The Argentine province that includes the Malvinas Islands denies Cameron's visit

The governor of the Argentine province of Tierra del Fuego, Antarctica and the Malvinas Islands, Gustavo Melilla, on Monday considered the visit of British Foreign Secretary David Cameron to the latter archipelago, over which Argentina claims sovereignty from the United States, a “provocation.” kingdom.

Melilla wrote on the “X” social website: “David Cameron’s presence in our Malvinas Islands constitutes a new British provocation that seeks to undermine our legitimate sovereign rights over our lands and the sustainability of colonialism in the twenty-first century. We will not allow this.”

Cameron arrived in the Malvinas Islands on Monday, a month after meeting Argentine President Javier Miley, whose country continues to claim sovereignty over the islands that the UK has occupied since 1833, with the exception of a 74-day armed conflict in 1982 that left 649 Argentines and 255 Britons dead. .

Melilla, an opponent of Miley's government, wrote: “We will not welcome any colonial representative of a state that attacks our territorial integrity by denigrating the memory of our Malvinas heroes and their eternal sacrifices in our province.”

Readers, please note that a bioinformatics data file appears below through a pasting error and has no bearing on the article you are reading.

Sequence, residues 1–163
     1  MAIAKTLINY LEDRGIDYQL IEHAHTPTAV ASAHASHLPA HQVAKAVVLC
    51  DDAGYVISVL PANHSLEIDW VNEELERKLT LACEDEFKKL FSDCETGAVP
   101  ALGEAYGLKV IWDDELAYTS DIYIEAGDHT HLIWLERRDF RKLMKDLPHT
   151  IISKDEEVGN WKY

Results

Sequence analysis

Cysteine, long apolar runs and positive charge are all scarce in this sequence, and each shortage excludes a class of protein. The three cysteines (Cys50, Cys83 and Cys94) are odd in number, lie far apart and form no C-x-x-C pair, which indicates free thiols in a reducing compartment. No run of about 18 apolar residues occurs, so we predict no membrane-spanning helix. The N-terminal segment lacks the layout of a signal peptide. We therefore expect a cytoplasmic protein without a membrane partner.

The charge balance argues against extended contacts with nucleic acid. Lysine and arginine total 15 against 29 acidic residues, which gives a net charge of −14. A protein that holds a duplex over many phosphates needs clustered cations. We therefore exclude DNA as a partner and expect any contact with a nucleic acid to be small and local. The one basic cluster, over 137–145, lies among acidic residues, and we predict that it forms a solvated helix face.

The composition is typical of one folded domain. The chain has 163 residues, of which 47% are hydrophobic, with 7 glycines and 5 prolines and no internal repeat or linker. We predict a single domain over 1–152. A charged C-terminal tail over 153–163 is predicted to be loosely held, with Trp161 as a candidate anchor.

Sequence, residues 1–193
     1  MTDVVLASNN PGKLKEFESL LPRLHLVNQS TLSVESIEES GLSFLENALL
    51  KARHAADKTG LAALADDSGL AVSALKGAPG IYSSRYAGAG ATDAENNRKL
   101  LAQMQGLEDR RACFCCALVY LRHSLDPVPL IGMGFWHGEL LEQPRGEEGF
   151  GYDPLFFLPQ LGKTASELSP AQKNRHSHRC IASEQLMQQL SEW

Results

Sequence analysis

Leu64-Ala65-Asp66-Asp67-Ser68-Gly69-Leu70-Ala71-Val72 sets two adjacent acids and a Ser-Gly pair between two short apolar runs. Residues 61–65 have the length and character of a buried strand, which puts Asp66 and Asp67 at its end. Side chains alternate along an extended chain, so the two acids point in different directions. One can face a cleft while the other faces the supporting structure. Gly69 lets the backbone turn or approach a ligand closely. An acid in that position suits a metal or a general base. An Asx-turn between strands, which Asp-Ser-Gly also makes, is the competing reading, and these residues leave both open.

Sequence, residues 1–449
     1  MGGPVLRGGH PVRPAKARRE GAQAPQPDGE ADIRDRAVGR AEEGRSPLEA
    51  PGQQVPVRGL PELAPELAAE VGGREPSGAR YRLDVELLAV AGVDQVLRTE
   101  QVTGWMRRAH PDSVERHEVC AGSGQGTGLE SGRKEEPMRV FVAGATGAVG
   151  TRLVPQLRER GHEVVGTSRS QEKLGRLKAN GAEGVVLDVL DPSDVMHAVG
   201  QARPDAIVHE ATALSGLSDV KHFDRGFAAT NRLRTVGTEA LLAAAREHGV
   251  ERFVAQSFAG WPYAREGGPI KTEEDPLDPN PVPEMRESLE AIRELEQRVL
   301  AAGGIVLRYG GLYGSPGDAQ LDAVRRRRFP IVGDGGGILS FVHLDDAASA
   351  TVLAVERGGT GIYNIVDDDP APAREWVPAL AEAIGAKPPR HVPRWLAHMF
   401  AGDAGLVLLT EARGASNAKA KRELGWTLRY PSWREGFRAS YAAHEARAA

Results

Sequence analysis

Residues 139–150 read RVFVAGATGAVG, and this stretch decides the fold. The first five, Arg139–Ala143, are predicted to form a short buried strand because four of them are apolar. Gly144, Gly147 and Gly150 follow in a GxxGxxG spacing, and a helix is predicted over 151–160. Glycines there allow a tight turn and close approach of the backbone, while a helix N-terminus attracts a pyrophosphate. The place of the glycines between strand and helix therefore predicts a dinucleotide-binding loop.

The British Foreign Office said that the British Foreign Secretary “will reaffirm the United Kingdom's commitment to supporting the islanders' right to self-determination.”

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The governor declared Cameron “persona non grata” in the entire territorial extension of his province, located in the far south of Argentina, which includes the Falkland Islands, the South Sandwich Islands, South Orkney and South Georgia.

The UN Decolonization Commission requests every year that the two countries open negotiations on the sovereignty dispute in the Malvinas Islands, but London systematically refuses to do so.

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Guillermo Carmona, former secretary of the Malvinas region in the previous Argentine government, agreed with Melilla in regarding Cameron's trip as a “real provocation.”

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He told Agence France-Presse, “So far, the Argentine government has not rejected or protested this visit, which represents a negative position on the issue of sovereignty that we rarely see in Argentine foreign policy.”

According to Carmona, “It is a grave mistake to believe that British diplomacy will respond in kind to the Miley government, and lose the opportunity to benefit from the new scenario.”


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